Sometimes it makes me have a panic attack in a store, unable to choose between a blue jacket and a green one, sometimes it makes me turn down a chance for a better work position, and sometimes I spend all day unable to figure out if I’m going to go to a concert by one of my favorite bands I brought ticket for 3 months ago, or give up and go home this evening.

It took me ridiculously long time to realize that I always have unexplainable bruises not because I’m clumsy and bump into things, but because I’m scratching myself to bruises.

I only wish I could stop doing it in front of people and at work.

Though if I wasn’t going to work I probably wouldn’t be scratching.

can I please have a person who would just care to talk at me (and sometimes for me) and not expect me to engage in any social interactions adequately
pretty please

One of the worst things about lasting anxiety attacks is that they often lock you into the place/state you are in, taking away your chances to take a breath and recover.

When you’re already ‘barely hanging on’, you will always instinctively choose the path of least resistance = the path that will bring less new anxiety. Which will also meant sticking to the ‘normal’ or the ‘routine’ that brought you into the place with anxiety in the first place.

For example, if you had your anxiety attack start during the night and last almost all the way till morning, preventing you from sleeping and making you feel like shit when you’re alarm trying to get you up for work, it would be a logical decision to call in sick and rest at home for a day, or at least take first half of the day off. However, the amount of anxiety involved in ‘picking up the phone to call work and tell them that you’re not feeling well and will take a sick day’ involves 2-3 times more anxiety than ‘make yourself get up and go to work as usual (even though there are people there)’. So you get up, no matter how bad you feel. Because, chances are, the worse you feel, the less chances there are to find strength to pick up the phone.

The same happens when you’re already at work and have an attack there. On one hand, you’re clearly not well, and your body tells you that it can’t continue on, and you need to get out. On the other hand, breaking the ‘everyday normal’, getting up to explain to people that you need to go home, bringing attention to yourself by doing all that, too often feels like something that will bring more anxiety than you can already handle. So again you sit there trying to imagine which is worse.

Getting out of your anxiety attack by yourself is very difficult, because it feels like quicksand – as in any kind of struggle you imagine attempting seems like it will only suck you deeper. It feels safer to stay still where you are and save your energy. And it’s really hard to know which of the options is actually the correct one this time around.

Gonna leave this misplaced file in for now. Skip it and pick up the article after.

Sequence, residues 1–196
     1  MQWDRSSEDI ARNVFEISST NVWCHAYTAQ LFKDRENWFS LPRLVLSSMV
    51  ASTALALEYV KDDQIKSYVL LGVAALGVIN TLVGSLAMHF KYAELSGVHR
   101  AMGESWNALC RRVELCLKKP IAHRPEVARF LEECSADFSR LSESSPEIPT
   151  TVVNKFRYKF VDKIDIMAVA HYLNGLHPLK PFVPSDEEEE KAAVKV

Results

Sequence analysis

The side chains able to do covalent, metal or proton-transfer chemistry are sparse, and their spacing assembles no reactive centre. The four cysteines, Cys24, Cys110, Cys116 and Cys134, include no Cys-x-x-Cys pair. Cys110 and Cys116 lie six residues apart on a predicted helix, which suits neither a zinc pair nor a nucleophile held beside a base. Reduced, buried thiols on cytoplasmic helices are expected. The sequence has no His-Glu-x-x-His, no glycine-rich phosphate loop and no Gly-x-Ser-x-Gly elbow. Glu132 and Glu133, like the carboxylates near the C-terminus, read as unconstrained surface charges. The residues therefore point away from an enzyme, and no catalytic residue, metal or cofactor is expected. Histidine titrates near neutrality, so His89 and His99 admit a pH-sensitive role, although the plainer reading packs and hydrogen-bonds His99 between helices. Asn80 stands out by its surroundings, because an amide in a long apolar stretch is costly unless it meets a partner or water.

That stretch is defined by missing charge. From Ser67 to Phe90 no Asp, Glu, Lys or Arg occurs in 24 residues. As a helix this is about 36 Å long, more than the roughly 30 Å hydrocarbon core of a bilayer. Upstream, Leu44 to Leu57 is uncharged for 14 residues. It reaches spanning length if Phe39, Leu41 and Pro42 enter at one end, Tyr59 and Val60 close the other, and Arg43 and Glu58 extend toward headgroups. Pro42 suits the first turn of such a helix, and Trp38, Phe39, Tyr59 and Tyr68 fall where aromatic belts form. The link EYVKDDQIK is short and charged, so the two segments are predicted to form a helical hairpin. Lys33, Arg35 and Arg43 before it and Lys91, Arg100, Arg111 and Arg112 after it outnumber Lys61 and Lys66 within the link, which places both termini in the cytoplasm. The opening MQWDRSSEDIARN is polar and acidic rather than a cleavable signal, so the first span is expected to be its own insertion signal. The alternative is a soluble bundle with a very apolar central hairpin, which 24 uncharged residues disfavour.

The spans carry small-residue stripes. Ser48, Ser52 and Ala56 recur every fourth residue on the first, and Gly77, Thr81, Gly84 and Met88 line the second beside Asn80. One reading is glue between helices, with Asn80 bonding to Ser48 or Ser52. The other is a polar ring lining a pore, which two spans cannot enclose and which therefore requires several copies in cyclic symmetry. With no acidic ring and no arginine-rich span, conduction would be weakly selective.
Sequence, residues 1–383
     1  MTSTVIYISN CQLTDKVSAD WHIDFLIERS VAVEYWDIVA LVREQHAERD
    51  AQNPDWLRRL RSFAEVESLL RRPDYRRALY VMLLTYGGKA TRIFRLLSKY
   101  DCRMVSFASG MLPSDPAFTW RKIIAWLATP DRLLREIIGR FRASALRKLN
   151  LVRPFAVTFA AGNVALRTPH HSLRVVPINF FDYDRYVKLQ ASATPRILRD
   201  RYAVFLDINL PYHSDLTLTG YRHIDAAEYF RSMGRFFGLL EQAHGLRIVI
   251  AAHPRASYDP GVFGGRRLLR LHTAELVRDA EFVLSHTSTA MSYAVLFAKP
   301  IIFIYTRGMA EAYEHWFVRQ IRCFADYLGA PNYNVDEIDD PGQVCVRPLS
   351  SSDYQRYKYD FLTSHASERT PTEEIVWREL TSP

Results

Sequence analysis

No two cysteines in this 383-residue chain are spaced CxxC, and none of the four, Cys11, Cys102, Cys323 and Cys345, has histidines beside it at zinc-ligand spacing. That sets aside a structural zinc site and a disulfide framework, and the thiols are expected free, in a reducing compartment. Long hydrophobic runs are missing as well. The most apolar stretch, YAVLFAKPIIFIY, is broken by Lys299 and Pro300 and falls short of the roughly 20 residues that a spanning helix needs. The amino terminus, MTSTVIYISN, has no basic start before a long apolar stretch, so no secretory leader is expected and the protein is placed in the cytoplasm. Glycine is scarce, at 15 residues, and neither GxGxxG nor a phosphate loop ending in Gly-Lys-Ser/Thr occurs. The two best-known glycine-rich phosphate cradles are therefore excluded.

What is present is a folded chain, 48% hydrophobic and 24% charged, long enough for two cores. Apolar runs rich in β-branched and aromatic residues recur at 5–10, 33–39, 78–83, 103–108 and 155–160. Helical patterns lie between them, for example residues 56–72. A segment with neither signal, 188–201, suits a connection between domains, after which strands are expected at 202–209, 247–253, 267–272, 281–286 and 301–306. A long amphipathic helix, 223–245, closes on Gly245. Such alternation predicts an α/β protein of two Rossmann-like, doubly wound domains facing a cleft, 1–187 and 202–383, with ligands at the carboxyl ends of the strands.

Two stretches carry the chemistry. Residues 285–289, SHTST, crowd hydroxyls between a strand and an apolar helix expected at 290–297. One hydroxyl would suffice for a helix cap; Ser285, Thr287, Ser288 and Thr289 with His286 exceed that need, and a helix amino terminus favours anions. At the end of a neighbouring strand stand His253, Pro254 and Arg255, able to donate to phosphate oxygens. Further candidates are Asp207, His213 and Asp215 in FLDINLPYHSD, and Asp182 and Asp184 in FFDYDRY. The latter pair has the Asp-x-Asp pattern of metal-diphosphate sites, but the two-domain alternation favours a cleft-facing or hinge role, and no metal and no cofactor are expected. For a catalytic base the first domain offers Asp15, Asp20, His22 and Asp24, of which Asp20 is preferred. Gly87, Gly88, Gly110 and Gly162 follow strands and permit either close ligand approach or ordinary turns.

Last year, I actually went and printed off my whole ello blog with the intention of re-reading it from the beginning. 
At first I thought that it was because it’s a thing I do when it’s Spring, and my birthday (and trip back to Europe) was near and my memory is shit (also because I just did a similar thing with someone else’s blog). 
But actually reading it, I understand that it just falls in with the stage of looking back and reconsidering things I did and said with my new understanding of my diagnosis. It’s a little staggering… to see it everywhere now. To see myself describe compulsions, patterns, sensory overload problems, and never examine them, never see them for what they were, until now.

Every day since learning the diagnosis has more or less been: I still have no idea why/what xxx (insert an aspect of human behavior largely considered normal) is, but now at least I feel marginally less pressure to understand.

Rudy Simone, Aspergirls :



To find out you're autistic is quite a realization to have in your teens, but in your 40s or 50s it means you have to look back at your whole life and re-frame everything; every incident, every moment, with this new lens to look through. It's like getting glasses after spending your whole life near-sighted. Obviously, the longer you've gone without the diagnosis the more work you have to do in looking back. And in some cases, the more damage to your spirit, psyche, and relationships you have to undo. There are stages we have to get through once we, as adults of any age, find out we have Asperger's:
* Awareness - We find out about Asperger's and the information speaks to us but it just hasn't hit home yet. We may experience some resistance or denial.
* Knowing - The irreversible understanding that you have Asperger's. The realization clicks.
* Validation - Asperger's explains so much in a life that often seems to have had no rhyme nor reason. This is not one moments that will continue for years if not forever.
* Relief - I can finally as the song says "Lay my Burden down". We don't know what our burden is until we're diagnosed but we can tell that other people don't seem to be carrying it.
* Worry - What does this mean for my future and my potential?
* Anger - For all the blame and misdiagnoses that may have been laid upon us by others or by ourselves. Hopefully we will then get to the next phase of our lives.
* Acceptance/thriving - We become keenly aware of our gifts and deficits and use what we have wisely.


I don’t know if I’m doing this in order, but I’m pretty sure I’m hovering somewhere around anger mostly.